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Recruitment and Conflict Dynamics in the Salvadoran Civil War

Recruitment and Conflict Dynamics in the Salvadoran Civil War
The two main actors in the Salvadoran civil war were the Salvadoran government/army and the Farabundo Martí National Liberation Front (FMLN) (Allison). The recruitment strategies for the FMLN varied throughout the civil war, but it placed an emphasis on recruiting women and children (Miller). As for combat tactics, the FMLN’s shifted over time while having some consistent elements. The militaries strategies, on the other hand, only slightly changed (Allison).

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The FMLN was formed when five existing groups joined forces. All of these groups had specific goals and grievances, but the main motivation for the FMLN was to overthrow the Salvadoran government (“Farabundo Martí”). The rebel group was also supported by Nicaragua, Cuba, and the Soviet Union. However, Nicaragua and Cuba provided the most direct support to the FMLN, in the form of arms and funding at the start of the conflict (Allison; “Communist Interference”).
While the FMLN did recruit landowners with grievances against the government, men were not the only members in the FMLN (Wood). Women were also recruited to join the insurgent group, and ultimately composed about 30 percent. The roles of women varied greatly, which made them a valuable asset to the rebels. However, they would mostly be in “traditional” roles, such as cooks or medics. As the war progressed, sexual violence against women by the military worsened. Thus, a big recruitment strategy for the FMLN was to offer protection against rape. This proved to be successful because there was mutual respect among members that continued throughout the conflict. Because women were treated relatively well, the FMLN used them to recruit new members, especially young men (Sprenkels).
Child soldiers played a huge role in the Salvadoran civil war. Over 20 percent of the FMLN was children, thus the recruitment of these young soldiers was important. In order to mobilize the youth, persuasion emphasized the benefits of joining, such as immediate protection from military abductions. Additionally, child soldiers already involved with the FMLN encouraged others to join. In terms of motivations and initial endowments, these children were protected and provided food and shelter for serving the FMLN. They were educated and formed strong social bonds because of similar experiences. These methods likely worked well in terms of recruitment, as 91.7 percent of surveyed FMLN youth soldiers said they joined voluntarily. The FMLN stopped using forced recruitment early in the war, likely to encourage people to join its cause voluntarily and to continue receiving external assistance (Miller).
According to Weinstein (2006), initial endowments and recruitment play a large role in the ultimate use of violence by a rebel group. In the case of the FMLN, it took the activist approach in recruiting and its endowments were mostly social. It attracted members who shared similar ideologies about the government, but also made promises regarding safety and appealed to those with similar experiences. While some of the offered endowments were economic, such as offering food and shelter, most members cared more about the long-term benefits, especially reform (Sprenkels; Miller). While Weinstein would argue that the FMLN received external support and therefore would commit more violent acts, this was not the case as more than 85 percent of serious violent acts were committed by the government (Weinstein; Wood). The FMLN had a strong core group that was able to maintain order and use force selectively for the majority of the war (Álverez). Therefore, while the FMLN is an exception to parts of Weinstein’s argument, it supports the main idea that social endowments and an activist strategy lead to less violence (Weinstein).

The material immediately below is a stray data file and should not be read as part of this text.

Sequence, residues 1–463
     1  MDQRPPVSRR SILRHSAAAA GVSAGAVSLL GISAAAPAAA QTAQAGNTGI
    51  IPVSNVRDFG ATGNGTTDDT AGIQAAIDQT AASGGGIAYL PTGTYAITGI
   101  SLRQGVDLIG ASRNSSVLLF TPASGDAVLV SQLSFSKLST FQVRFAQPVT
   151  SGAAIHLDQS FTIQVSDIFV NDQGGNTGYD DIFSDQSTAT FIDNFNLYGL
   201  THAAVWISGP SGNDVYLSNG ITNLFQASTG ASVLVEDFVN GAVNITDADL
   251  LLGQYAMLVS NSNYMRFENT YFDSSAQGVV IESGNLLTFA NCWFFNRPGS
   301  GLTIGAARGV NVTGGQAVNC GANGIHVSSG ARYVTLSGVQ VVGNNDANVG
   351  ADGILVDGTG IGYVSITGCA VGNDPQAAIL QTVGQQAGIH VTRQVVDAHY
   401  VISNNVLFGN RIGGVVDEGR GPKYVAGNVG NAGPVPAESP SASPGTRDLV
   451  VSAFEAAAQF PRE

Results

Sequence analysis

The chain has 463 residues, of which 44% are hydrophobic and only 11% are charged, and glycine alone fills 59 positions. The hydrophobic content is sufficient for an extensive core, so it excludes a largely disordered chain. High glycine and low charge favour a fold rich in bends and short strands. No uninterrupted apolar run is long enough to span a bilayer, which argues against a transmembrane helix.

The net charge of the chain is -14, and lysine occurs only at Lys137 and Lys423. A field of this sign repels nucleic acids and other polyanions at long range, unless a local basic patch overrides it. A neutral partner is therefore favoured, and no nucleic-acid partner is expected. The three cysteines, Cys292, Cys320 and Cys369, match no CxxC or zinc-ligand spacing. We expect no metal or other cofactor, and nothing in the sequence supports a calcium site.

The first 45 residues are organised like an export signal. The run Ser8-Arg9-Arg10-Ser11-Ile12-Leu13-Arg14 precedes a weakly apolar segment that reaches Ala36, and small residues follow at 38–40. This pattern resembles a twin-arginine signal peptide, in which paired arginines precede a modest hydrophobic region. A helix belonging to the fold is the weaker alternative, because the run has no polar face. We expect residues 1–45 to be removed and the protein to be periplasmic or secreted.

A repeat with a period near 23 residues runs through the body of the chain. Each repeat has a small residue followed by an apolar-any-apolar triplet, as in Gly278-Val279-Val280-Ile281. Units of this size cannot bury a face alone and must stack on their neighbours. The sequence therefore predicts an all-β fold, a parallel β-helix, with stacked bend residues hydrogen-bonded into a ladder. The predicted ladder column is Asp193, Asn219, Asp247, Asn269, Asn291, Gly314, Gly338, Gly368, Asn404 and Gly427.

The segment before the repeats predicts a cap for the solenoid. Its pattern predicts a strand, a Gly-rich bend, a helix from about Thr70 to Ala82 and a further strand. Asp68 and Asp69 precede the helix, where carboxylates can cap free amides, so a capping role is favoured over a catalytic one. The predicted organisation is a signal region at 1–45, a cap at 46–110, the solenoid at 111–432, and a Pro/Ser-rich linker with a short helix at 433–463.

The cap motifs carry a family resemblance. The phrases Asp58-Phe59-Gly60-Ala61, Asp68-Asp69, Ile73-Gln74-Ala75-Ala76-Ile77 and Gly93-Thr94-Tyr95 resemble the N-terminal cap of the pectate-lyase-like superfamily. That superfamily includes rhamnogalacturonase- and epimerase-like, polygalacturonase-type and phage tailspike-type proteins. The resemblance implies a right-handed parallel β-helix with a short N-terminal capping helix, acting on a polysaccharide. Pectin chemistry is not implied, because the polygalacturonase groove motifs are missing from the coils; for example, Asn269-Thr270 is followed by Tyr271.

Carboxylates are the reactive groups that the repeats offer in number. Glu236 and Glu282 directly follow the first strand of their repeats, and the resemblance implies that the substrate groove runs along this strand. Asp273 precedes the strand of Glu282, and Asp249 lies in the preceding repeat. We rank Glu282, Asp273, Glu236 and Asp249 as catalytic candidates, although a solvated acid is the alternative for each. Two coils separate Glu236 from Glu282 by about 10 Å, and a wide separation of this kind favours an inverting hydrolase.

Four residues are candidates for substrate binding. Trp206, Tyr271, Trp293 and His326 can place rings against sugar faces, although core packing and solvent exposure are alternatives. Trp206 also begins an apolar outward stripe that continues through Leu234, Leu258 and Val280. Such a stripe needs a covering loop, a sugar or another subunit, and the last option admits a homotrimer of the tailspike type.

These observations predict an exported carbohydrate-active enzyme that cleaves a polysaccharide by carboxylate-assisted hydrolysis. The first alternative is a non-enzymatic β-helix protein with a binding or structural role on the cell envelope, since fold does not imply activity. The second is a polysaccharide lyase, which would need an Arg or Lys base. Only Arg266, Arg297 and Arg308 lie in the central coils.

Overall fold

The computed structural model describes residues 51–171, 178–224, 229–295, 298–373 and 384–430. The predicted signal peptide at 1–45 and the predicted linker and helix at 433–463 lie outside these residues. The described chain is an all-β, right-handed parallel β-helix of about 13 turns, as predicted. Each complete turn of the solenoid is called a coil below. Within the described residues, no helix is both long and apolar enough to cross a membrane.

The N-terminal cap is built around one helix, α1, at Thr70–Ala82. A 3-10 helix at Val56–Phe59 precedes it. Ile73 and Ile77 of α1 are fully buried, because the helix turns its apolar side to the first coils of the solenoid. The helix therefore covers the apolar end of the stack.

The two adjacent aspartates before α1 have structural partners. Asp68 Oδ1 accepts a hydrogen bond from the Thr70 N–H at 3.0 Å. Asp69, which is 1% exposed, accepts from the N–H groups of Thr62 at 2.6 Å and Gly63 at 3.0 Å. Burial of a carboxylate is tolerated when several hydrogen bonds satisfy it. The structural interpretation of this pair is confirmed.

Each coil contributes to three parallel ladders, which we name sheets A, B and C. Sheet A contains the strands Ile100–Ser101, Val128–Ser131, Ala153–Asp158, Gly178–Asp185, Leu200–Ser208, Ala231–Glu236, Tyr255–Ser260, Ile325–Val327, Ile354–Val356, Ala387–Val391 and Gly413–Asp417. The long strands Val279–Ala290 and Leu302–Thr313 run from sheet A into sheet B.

In order to fully understand the strategies of combat of the FMLN, it is important to understand that the ultimate goal of the FMLN was government reform, likely communist-based (Becker). The initial and most consistent approach that the FMLN took was occupying the countryside and its rough terrain, then using it as a base for mobilizing during various times and to gain support from the landowners and civilians in those regions (Wood). Besides this, the FMLN was extremely flexible in terms of operation. Five groups composed the FMLN, so there were diverse strategies that could be used depending on the situation. Therefore, the combat tactics were a blend of direct military action, the prolonged war idea, and organizing the people for political action. Over the course of the war, certain tactics were prioritized more than others but ultimately this flexibility worked well (Spencer et al.). Though the FMLN did kidnap and kill Salvadoran elites, there were few civilian casualties from its actions early in the war (Tawney; “Mass Atrocity”). However, this drastically changed toward the end of the war. In the late 80s, the insurgents used more aggressive military tactics, including using mines and bombings, which killed more civilians (Betancur). The insurgents also infiltrated San Salvador and urban areas to attack political elites, in what is considered the “Final Offensive.” These attacks involved automatic weapons and bombs (Gruson). The “Final Offensive,” resulted in some of the highest civilian casualties by the FMLN, a huge deviation from its initial low rates (“Mass Atrocity”).